UPDATE: Oct 7, 2017:
About 70% of the Caribbean region was unaffected by recent hurricanes and vacationers have more than 30 Caribbean islands to choose from for a fall escape. Many of the resorts and tour operators are offering better-than-usual promotions during this shoulder season that runs until mid-December.
Islands that still aren’t ready to offer a good vacation experience include:
U.S. Virgin Islands: St. Thomas, St. John, St.Croix
British Virgin Islands: Tortola, Jost Van Dyke, Virgin Gorda
Cuba: Click here to read the U.S. Department of State travel warning. Cuba did have extensive damage from Hurricane Irma. However, the minister of tourism reports that the airport and most resorts will be ready for business as usual by November 1st.
Where to go right now:
Antigua: This British Overseas Territory sits between Cuba and Jamaica. Although sister island, Barbuda, was wiped out by Hurricane Irma, Antigua had only minimal damage. The island is ready for visitors and a few “summer” deals are still available here. Watch what recent visitors are saying here.
Aruba: This popular island lies at the southern end of the Caribbean island chain, well outside the typical path of seasonal hurricanes. The island was not affected by recent hurricanes, and all businesses are open and welcoming visitors. Check the exciting deals that are being offered right now by clicking here.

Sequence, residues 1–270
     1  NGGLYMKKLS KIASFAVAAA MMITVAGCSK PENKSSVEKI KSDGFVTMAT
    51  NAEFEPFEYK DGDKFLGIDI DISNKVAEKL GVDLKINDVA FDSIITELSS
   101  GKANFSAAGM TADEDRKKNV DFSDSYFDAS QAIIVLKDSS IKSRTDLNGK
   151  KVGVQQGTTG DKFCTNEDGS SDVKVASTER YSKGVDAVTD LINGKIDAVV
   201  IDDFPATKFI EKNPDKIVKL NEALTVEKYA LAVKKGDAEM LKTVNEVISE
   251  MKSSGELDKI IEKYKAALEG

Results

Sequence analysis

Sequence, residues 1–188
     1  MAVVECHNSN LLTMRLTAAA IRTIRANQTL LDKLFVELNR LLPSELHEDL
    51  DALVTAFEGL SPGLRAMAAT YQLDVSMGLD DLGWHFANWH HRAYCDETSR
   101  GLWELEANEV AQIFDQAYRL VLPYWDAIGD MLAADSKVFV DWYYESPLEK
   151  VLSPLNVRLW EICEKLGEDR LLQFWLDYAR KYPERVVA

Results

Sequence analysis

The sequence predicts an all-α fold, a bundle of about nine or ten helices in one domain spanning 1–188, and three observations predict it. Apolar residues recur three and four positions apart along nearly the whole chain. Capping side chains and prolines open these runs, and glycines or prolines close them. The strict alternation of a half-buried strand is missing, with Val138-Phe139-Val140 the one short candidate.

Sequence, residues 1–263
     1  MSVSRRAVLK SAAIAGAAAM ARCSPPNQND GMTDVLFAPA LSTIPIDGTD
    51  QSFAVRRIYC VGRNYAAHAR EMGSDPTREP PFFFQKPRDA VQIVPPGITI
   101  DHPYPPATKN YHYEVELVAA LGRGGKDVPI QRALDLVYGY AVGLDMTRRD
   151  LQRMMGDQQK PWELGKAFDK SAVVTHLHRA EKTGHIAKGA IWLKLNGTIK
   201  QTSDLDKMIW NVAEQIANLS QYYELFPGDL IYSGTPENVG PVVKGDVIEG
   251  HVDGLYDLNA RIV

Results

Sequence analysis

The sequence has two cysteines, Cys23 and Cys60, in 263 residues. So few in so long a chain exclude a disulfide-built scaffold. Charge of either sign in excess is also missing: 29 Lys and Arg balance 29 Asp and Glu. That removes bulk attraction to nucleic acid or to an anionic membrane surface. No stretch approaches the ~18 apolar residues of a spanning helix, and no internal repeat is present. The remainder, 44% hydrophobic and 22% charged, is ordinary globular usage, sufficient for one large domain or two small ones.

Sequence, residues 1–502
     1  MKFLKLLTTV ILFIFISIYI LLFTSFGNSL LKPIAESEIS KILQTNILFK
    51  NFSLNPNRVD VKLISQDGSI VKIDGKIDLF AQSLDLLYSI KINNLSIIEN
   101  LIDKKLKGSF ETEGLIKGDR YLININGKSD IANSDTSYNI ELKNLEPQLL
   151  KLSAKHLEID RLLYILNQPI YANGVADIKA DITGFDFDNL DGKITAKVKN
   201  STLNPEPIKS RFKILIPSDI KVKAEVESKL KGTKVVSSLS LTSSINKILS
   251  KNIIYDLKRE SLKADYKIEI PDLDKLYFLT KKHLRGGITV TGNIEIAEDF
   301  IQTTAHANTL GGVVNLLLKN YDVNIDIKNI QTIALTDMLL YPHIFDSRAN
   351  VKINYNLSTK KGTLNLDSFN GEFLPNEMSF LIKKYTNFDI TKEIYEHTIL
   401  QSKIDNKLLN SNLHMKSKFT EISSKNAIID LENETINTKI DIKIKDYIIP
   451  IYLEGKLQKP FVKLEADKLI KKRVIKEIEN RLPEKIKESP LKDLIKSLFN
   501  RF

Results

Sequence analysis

Bahamas: The archipelago’s most appealing destinations escaped major damage. Nassau, the capital of the Bahamas, is located on the island of New Providence and is a quick getaway for U.S. citizens. Little Paradise Island is easily reached by bridges across Nassau Harbor. Other islands in the chain also are unharmed and visitors are welcome on Bimini, Cat Island, the Abacos, Eleuthera and other popular locations. If you’re a yachter or island hopper, take a look at the deals and adventures offered here.
Bermuda: This tiny island lies in the Atlantic east of North Carolina and was unaffected by the hurricanes. Fall is an ideal time to visit the historical British destination known for its pink-sand beaches. Check here for current promotions.
Bonaire: Known internationally as a top scuba diving spot and a year-round favorite with eco-travelers, Bonaire is near Aruba and outside the “hurricane belt.” Visitors have time to pick up a vacation deal during the Bonaire Fall Festival, which runs until November 4th. Click here for the details.